New Delhi, Sep 5: Noting that there is a "big deficiency" in the quality of education in the country despite the presence of institutions like IITs and NITs, President Pranab Mukherjee today said the flow of Indian students to institutions abroad needs to be reversed.
"Our IITs, our NITs are excellent so far as campus recruitment is concerned," he said, adding, there are 732 universities and 36,000 degree colleges in the country.
Despite this infrastructure, there is a "big deficiency" in terms of quality of education, he said at an event here where National Teachers Awards were conferred upon 364 school teachers from across the country.
"Unless we have the quality of education, you cannot build a knowledge society. Unless you build the knowledge society, you cannot occupy your rightful place in the comity of nations," Mukherjee said.
He said from 6th century BC to 12 century AD--the heydays of Taxila to the collapse of Nalanda--India was the leading centre of higher education and Indian universities attracted mighty minds from all across the globe in form of teachers and students.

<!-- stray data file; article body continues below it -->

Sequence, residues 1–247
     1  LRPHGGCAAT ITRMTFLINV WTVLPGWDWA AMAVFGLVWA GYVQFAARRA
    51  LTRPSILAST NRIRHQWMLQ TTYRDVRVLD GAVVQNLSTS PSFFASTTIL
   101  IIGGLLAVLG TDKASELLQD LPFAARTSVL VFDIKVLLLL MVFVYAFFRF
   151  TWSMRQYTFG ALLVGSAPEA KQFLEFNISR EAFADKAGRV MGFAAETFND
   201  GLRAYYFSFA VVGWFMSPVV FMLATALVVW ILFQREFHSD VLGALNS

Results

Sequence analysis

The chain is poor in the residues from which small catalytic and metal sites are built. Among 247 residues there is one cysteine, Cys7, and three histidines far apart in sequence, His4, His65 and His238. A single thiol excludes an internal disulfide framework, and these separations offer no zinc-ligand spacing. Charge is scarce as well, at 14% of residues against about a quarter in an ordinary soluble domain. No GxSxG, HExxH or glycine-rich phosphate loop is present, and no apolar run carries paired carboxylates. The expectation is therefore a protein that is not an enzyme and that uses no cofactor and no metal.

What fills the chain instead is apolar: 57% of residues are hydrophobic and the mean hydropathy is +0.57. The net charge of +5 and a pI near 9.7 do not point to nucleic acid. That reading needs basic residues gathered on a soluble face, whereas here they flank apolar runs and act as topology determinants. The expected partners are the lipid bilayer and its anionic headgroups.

"Today, every year more than 60,000 students leave our country for higher education to Oxford, Cambridge, MIT etc. We shall have to make this flow reverse."
This reversal of flow cannot be made only in the universities but a beginning has to be made at the primary level, Mukherjee said.
He congratulated the teachers who were conferred the award and said primary and secondary education lays the foundation of higher education. He said teachers made a big contribution in terms of social responsibility for the country.
HRD Minister Prakash Javadekar and his deputies Upendra Kushwaha and Mahendra Nath Pandey were also present at the event.
In his speech, Mukherjee said he was the Visitor of 114 central institutions, including 30 NITs, 16 IITs, 45 universities, management institutions etc.
Javadekar also echoed Mukherjee's thoughts, saying while 27 crore students were enrolled and access of education had spread, it was quality which was the biggest challenge.